On other fronts, there’s at least one other subtle item that could make trading even weirder early this week, according to Tim McPartland over at your preferred stock information center, aka, Innovative Income Investor.

“Early next week (Monday the 27th) we will see ‘rebalancing’ announcements being made by Wells Fargo on a number of Indexes….

“…the announcement will be made Monday with actual rebalancing occurring on the next Monday (2/3).

“Many ETFs track these indexes and I randomly checked a few of them and there is sizable potential volume that could occur in many issues–whether it is orderly or not is anyone’s guess. There may be issues ‘dumped’ that would allow a few issues to be picked up at more bargain prices. We will wait and see what happens.”

We should all watch for this announcement and react accordingly if and when it makes sense. Obviously, when a stock is removed from a major index, ETFs will sell it off, since they now have to replace it with one or more new ones that get added. Likewise, the new additions could get a big boost in purchase orders, even if the coronavirus scare is still clobbering the rest of the market. We often find good trades in these situations.

Is it time for Wall Street to Rue Britannia?

Finally, over the next week or so, those with positions in UK or Eurozone stocks may Rue Britannia over the next few trading days. That’s because Brexit is absolutely, totally official now, stamped as such by a once-reluctant Parliament as Breitbart reports.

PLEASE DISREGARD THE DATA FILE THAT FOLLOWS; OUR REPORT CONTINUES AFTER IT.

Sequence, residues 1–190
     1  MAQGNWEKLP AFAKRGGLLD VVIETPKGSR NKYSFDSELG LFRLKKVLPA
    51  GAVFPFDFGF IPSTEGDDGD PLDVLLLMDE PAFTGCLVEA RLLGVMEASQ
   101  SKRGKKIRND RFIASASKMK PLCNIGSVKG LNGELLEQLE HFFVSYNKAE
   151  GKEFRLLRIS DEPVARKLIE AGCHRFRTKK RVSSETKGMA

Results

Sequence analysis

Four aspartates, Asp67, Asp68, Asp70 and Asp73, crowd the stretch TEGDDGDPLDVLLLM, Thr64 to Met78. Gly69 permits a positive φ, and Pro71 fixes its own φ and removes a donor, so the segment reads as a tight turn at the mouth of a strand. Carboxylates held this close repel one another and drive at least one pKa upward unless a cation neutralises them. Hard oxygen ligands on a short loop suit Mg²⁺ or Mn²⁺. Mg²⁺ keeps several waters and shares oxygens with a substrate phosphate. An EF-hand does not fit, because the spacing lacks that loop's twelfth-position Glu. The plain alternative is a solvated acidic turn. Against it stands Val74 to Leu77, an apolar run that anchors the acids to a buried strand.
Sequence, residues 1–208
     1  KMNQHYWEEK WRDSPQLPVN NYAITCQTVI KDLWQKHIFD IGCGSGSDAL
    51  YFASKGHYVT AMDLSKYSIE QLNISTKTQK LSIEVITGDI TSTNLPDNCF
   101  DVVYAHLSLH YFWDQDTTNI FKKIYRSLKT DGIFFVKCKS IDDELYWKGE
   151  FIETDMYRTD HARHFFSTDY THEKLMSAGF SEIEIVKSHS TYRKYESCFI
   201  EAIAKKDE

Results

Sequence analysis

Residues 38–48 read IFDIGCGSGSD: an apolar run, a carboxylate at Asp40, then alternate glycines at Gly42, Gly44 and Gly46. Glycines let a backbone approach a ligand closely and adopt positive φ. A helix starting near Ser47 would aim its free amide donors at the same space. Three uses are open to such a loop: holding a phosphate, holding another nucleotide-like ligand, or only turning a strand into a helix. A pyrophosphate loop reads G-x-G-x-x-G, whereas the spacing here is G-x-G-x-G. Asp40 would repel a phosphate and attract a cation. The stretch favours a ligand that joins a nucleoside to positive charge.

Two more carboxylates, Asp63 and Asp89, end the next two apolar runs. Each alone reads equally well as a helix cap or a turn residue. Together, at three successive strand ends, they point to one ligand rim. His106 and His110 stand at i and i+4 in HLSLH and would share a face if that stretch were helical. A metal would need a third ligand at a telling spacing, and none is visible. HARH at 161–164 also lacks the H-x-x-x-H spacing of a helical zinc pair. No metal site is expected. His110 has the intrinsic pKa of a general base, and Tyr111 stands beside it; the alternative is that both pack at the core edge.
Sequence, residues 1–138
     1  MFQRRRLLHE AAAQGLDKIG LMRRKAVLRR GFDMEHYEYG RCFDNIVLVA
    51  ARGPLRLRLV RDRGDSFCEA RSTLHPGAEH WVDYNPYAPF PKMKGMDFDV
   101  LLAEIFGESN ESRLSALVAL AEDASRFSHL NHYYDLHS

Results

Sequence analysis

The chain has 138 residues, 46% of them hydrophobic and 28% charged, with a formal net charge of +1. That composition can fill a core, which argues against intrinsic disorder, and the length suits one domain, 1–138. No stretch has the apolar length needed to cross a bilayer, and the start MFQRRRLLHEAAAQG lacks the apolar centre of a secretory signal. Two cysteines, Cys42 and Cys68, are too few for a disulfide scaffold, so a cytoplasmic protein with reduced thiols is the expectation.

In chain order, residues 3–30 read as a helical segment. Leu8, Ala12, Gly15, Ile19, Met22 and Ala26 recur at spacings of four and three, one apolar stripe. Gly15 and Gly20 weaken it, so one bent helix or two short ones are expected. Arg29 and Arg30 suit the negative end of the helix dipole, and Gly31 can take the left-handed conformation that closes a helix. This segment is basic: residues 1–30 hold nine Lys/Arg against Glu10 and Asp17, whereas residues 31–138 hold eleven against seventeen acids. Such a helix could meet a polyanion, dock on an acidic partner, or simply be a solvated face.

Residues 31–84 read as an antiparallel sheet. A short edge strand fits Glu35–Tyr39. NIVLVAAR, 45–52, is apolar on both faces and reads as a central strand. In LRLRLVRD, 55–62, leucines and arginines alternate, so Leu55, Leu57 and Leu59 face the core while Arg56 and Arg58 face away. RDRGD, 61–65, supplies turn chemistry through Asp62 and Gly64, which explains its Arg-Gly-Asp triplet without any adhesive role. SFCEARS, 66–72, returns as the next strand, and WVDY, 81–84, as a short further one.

“The withdrawal agreement bill has been given Royal Assent, meaning it has become law and the UK will officially leave the EU on January 31st, 2020.”

‘Twill be a brave new world indeed. And at least some UK and Eurozone stocks may get clobbered accordingly and in fairly short order. Investors large and small love “certain certainties” as T.S. Eliot once wrote. Leaving the Eurozone will prove to be an excellent adventure one way or another. But a lot of investors, big and small alike, might just bail anyway, just for the sheer hell of it.

That could be smart, or it could be dumb. But nobody will know what the real answer is for quite some time. But I think it could ultimately prove bullish for the Brits. And for the US as well. It could also mark the blessed end of where globalism and its Euro-elite champions seemed to be taking us. Except for the globalists, Wall Street could like that a lot. 2020 could turn out to be a bullish Year of the Rat after all.

Like I said before, stay tuned.

– Headline image: According to the Chinese calendar, 2020 specifically is the year of the Metal rat.
In Chinese philosophy, such a year is associated with material success, well-being and wealth.
Screen grab from moving YouTube video image.


Terry Ponick

Biographical Note: Dateline Award-winning music and theater critic for The Connection Newspapers and the Reston-Fairfax Times, Terry was the music critic for the Washington Times print edition (1994-2010) and online Communities (2010-2014). Since 2014, he has been the Senior Business and Entertainment Editor for Communities Digital News (CDN). A former stockbroker and a writer and editor with many interests, he served as editor under contract from the White House Office of Science and Technology Policy (OSTP) and continues to write on science and business topics. He is a graduate of Georgetown University (BA, MA) and the University of South Carolina where he was awarded a Ph.D. in English and American Literature and co-founded one of the earliest Writing Labs in the country. Twitter: @terryp17